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Our Attitude and Our Action

In the last post, I referenced what I’ve always heard as the only two things we can control; our attitude and our action. That ties right in with something we looked at in this series a few months back regarding what I heard a mentor of ours call The Cycle of Success. He said, “Our beliefs drive our thoughts. Our thoughts produce our feelings. Our feelings are seen through our actions. Our actions yield results. And those results reinforce our beliefs.” 

So here’s the thing… If we neglect taking complete responsibility for controlling our attitude and our actions, we can’t expect to have any real say in where that success cycle leads us! When we do make a decision to take control of that cycle, then we back that decision with action, we’ll see that cycle have a compounding effect! Understand though, it won’t be an easy path to follow. Remember John Maxwell’s quote I shared before, “Everything worthwhile is...

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Responsibility Stinks!

Originally shared in A Daily Dose Of Leadership on July 1, 2020.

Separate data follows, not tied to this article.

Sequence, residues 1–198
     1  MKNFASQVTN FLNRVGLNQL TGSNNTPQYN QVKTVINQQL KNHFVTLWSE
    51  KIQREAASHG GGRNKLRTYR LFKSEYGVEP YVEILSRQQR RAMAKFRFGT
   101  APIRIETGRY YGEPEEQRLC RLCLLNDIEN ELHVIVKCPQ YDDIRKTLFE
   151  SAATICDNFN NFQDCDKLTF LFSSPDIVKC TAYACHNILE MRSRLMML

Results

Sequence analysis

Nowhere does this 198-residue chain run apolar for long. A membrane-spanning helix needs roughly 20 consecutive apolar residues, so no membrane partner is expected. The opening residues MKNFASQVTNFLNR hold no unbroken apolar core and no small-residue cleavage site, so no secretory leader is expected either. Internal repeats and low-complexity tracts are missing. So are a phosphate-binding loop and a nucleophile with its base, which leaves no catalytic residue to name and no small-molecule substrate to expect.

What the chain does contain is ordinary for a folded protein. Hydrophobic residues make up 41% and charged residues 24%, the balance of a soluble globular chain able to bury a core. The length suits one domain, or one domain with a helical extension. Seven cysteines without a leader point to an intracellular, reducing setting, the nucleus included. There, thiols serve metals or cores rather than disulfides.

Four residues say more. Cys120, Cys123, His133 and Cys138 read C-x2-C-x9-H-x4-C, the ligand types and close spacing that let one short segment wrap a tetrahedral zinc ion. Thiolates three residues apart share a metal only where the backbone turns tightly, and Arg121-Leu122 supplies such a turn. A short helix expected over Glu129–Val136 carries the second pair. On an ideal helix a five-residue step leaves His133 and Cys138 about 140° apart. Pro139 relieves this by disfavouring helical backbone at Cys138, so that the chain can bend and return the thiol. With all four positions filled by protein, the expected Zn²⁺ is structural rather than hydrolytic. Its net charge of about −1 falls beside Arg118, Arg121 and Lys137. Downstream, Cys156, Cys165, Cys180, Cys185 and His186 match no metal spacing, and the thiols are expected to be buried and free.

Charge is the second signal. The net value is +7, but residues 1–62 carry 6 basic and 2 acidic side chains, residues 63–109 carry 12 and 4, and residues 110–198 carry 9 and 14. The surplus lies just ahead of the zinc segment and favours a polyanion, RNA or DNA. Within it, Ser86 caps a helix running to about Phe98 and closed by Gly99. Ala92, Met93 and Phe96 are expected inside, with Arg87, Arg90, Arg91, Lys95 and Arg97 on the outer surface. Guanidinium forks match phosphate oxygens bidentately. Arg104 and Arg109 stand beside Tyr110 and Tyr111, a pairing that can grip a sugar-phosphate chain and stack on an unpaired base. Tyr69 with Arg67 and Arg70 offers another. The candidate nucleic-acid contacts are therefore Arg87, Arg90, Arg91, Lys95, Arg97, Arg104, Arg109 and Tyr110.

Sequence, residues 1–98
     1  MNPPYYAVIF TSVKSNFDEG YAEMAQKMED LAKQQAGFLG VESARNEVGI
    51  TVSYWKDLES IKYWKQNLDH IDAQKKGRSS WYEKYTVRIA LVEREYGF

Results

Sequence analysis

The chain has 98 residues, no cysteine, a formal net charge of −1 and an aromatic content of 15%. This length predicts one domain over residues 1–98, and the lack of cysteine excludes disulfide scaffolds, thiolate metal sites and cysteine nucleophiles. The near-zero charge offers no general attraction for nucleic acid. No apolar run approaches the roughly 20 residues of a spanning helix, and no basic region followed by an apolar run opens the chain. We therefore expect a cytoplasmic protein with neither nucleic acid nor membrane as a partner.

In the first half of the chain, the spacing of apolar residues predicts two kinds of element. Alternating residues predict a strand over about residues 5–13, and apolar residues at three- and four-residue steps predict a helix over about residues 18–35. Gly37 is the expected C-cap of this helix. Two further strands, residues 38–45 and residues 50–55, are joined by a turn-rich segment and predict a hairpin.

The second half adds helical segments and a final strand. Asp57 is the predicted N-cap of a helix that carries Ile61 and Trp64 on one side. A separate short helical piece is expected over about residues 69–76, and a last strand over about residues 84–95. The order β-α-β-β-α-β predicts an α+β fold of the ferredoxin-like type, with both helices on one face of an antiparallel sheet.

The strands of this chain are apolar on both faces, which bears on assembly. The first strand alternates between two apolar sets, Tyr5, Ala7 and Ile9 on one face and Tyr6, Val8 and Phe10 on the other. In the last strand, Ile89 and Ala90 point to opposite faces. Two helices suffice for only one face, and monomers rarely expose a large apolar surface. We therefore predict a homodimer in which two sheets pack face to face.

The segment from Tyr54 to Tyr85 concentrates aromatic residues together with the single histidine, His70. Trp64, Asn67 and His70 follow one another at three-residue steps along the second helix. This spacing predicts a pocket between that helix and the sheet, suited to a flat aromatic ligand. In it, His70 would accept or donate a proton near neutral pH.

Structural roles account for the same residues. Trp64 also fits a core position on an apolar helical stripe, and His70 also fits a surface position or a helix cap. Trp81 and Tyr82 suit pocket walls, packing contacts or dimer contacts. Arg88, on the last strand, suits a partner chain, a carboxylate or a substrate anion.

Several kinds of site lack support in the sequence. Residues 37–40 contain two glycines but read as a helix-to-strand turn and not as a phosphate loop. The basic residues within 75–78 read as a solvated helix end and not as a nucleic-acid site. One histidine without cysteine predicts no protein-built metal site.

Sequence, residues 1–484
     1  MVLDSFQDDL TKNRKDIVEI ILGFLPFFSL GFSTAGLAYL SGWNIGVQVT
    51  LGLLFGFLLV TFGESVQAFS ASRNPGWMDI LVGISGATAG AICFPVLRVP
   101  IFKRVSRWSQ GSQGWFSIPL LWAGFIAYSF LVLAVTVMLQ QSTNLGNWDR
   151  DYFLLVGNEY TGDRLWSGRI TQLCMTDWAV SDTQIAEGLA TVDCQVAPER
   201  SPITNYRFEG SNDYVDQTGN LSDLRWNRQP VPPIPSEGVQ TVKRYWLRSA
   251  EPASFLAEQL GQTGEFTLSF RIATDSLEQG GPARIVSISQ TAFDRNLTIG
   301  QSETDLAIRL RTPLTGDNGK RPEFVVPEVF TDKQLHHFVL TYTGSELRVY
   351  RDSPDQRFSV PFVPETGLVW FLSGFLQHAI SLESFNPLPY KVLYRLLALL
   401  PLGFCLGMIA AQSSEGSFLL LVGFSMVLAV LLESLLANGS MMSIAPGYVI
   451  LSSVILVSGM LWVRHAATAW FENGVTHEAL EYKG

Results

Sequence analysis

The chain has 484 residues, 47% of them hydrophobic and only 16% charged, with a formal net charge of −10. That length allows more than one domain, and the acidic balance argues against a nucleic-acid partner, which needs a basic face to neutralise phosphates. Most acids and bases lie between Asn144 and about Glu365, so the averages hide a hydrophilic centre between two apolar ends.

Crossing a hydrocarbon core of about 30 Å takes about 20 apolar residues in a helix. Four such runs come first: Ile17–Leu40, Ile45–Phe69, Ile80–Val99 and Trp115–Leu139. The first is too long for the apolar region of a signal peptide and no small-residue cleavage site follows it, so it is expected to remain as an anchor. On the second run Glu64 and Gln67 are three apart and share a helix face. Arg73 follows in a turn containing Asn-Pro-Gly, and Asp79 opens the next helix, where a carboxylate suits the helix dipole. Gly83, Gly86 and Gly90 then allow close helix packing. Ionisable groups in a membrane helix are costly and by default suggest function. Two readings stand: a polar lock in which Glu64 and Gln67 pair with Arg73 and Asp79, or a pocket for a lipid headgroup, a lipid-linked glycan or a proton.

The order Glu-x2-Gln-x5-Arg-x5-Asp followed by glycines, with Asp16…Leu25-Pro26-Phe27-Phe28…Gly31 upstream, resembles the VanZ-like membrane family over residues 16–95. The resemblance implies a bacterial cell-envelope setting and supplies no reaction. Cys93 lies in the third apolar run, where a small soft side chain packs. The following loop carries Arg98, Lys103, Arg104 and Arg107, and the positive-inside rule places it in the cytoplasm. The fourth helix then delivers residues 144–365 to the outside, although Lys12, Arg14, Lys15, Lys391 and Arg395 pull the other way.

Do you remember a time in your career, or even in your personal life, when so many people weren’t depending on you to make the right decisions? And maybe there wasn’t even anyone watching if you did something stupid, or something you wouldn’t have been proud to tell your grand kids about… Since smart phones have entered the equation, those days seem to be gone, huh…

I kinda remember those days… But I more clearly remember the day I volunteered to serve on a safety committee and learned that every move I made from that point forward would be under a microscope. The idea we touched on in the last message about Monkey See, Monkey Do would be hard at work in my life from that day forward. I couldn’t promote the importance of choosing safe behaviors and continue to do dumb stuff that could get me hurt if I wanted to earn any credibility at all! And as I accepted different roles...

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Monkey See, Monkey Do? Team Member See? Team Member Do!!!

Originally shared in A Daily Dose Of Leadership on June 30, 2020.

Ok… Think back to when you were a kid. What did you see the people you admired most doing that you weren’t allowed to do? Maybe you were too young, maybe “it was bad for you”, or maybe it was just something that same person had told you that you weren’t allowed to do…

How did that usually end up? For me, it typically only made me work that much harder to do that exact thing that I was told I shouldn’t be doing because that person I wanted to emulate was doing it! I was quite frequently very successful in accomplishing that forbidden thing… To save a little face here, I won’t go into any of the specifics. But I’m sure your imagination can do its own work. And I’m also sure I’m not alone!

Now fast forward to your current leadership responsibility. How often have you been in situations where you’ve either wanted to, or absolutely had to, do...